Organ Grind: A South American Food Journal Part 6, Arequipa’s Frontlawn Restaurant
Clockwise from left: heart, corn, rocoto
The flower of Peru’s glory is at its highest peak of florid magnificence when the traveler steps outside the bounds of urban settlements. This can be difficult at times; the central yolk of most Peruvian cities is broken here and there and allowed to bleed out half-hazardly in all directions. These long urban tendrils generally act to subvert any good will brought about by the supposed charms of the city center; the prevailing leitmotif in these zones is impermanence, embodied perfectly by the exposed rebar jutting out of the tops of buildings built from sloppily masonried red brick or cinder block.
Arequipa, Peru’s second city, is no different, only the yolk is sturdier, resisting disintegration longer. However, when the inevitable corruption does occur, its all the more stark for the center’s singularity; after an earthquake destroyed most of the Spanish colonial buildings in 1868, it was reconstructed almost entirely of sillar, a porous, white volcanic rock extracted from the city`s seismically active environs. The result is unique and beautiful.
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There’s a neighborhood to the west of the city that manages to be visually distinct from the center while also resisting the insipid process of suburban putrification. Known as Yanahuara, it drapes itself casually over a small group of steep hills affording pigeons and humans alike a view of the city center and the migantic (majestic and gigantic) El Misti Volcano, whose snowcapped peak broods over the city at 19,101 ft above sea level.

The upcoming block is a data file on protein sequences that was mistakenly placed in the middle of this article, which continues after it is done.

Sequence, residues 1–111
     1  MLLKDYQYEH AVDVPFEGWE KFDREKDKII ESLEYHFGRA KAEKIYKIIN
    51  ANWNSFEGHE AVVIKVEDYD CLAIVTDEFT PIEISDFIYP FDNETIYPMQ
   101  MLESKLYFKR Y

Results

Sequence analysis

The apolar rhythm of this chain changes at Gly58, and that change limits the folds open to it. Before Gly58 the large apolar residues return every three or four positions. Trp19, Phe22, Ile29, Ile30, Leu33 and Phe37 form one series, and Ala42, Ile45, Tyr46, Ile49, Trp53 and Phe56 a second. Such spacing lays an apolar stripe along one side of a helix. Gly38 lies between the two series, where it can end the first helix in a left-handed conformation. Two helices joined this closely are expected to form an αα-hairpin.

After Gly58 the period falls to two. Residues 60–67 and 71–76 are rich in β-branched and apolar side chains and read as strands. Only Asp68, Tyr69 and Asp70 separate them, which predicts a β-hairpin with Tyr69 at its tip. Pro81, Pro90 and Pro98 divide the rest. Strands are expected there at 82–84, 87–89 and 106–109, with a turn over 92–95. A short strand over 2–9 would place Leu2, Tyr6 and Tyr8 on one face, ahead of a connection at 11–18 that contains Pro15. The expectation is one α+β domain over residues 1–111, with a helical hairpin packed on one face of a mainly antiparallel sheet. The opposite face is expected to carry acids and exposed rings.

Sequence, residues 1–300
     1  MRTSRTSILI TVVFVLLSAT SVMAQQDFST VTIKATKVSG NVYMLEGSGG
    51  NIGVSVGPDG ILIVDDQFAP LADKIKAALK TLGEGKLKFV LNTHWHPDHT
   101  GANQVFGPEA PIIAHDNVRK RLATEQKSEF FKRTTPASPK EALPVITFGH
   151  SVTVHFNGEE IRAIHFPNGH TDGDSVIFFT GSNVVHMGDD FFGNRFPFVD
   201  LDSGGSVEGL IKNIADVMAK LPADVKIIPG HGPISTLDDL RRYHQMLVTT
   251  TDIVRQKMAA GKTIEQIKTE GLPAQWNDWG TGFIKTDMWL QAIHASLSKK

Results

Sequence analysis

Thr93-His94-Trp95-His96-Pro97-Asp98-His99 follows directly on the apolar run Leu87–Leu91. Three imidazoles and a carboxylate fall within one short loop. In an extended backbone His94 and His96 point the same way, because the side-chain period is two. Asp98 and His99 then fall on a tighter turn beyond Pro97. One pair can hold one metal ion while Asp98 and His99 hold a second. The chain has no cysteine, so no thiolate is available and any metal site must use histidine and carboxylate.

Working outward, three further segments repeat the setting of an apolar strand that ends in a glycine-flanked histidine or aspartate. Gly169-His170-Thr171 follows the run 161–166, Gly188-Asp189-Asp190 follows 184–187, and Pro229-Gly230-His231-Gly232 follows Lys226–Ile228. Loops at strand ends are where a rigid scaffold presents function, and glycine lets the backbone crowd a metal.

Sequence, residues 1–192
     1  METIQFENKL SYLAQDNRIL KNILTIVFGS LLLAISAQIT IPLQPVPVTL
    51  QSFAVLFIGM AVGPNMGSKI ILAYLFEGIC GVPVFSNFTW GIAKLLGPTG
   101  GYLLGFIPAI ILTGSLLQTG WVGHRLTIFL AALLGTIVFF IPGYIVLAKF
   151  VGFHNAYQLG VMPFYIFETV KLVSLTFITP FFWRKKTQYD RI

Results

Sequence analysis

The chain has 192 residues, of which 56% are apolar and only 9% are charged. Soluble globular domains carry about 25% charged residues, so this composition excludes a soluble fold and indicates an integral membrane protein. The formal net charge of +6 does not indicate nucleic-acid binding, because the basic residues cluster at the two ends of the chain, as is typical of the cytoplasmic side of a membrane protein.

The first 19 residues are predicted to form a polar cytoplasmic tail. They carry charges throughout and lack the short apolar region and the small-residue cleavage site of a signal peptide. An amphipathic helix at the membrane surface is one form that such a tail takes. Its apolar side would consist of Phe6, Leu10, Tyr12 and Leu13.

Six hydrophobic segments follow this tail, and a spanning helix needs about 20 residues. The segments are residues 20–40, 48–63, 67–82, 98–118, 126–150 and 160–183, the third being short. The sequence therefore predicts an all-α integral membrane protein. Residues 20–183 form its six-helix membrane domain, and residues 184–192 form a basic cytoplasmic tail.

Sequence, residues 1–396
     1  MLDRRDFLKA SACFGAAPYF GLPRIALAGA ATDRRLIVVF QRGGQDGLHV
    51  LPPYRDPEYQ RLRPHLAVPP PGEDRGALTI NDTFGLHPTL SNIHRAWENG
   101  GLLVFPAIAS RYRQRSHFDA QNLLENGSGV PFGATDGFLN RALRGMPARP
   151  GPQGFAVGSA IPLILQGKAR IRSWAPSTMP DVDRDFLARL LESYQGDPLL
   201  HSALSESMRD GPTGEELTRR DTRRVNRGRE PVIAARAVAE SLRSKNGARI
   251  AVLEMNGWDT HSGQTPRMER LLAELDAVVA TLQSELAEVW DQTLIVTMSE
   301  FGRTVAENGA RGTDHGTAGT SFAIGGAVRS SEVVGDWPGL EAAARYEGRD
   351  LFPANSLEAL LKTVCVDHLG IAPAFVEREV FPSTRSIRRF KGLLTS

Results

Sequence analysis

La Jefa grillin’ some heart
Yanahuara’s main promenade is lined with restaurants offering middling food given a half-ass facelift and offered to tourists at drastically inflated prices, a tiresome trick that rarely hits paydirt where I´m concerned, or so I like to think. After perusing said options of an afternoon, I veered off Cuesta de Angel onto Lima Street heading south from the plaza when a woman`s hoarse voice shouted out to me from a bedraggled front lawn shaded by an unadorned, low house with peeling lime green paint. I peered over the wrought-iron fence at this woman who had disturbed my hunger-stressed reverie. She was perched behind a grill, turning beef heart skewers and doing something with a pot of boiling water set on a Primus stove. My eyes took in three red plastic tables and a cooler full of sugary drinks and bottled water. We exchanged proper salutations, after which I made myself at home at a table. I never pass up a beef heart skewer so I got me two of them, plus rocoto relleno. The rocoto chile is one of Peru’s culinary standard bearers; roundish, large and extremely spicy. Only the hardier of chile-philes could tuck into one untreated, so for the relleno dish the pepper is de-seeded and boiled in water and vinegar; thus disarmed of some of its potency, its dignity is further violated by the stuffing of chopped beef (or pork) and onion, garlic, ground nuts and whatever else is handy into its rotund cavity. Top with cheese and bake.
A simple, hearty, cheap meal eaten out of doors in the Peruvian sunlight and amongst kind and curious strangers is a vastly preferable way of luncheoning when set against sitting in doors surrounded by kitsch, shoving blah tourist fare in your face sold at prices hiked up like the skirts of the folkloric dancer plying her trade for the gringos on the plaza. Estelita is where it`s at.
Lima St., just south of the plaza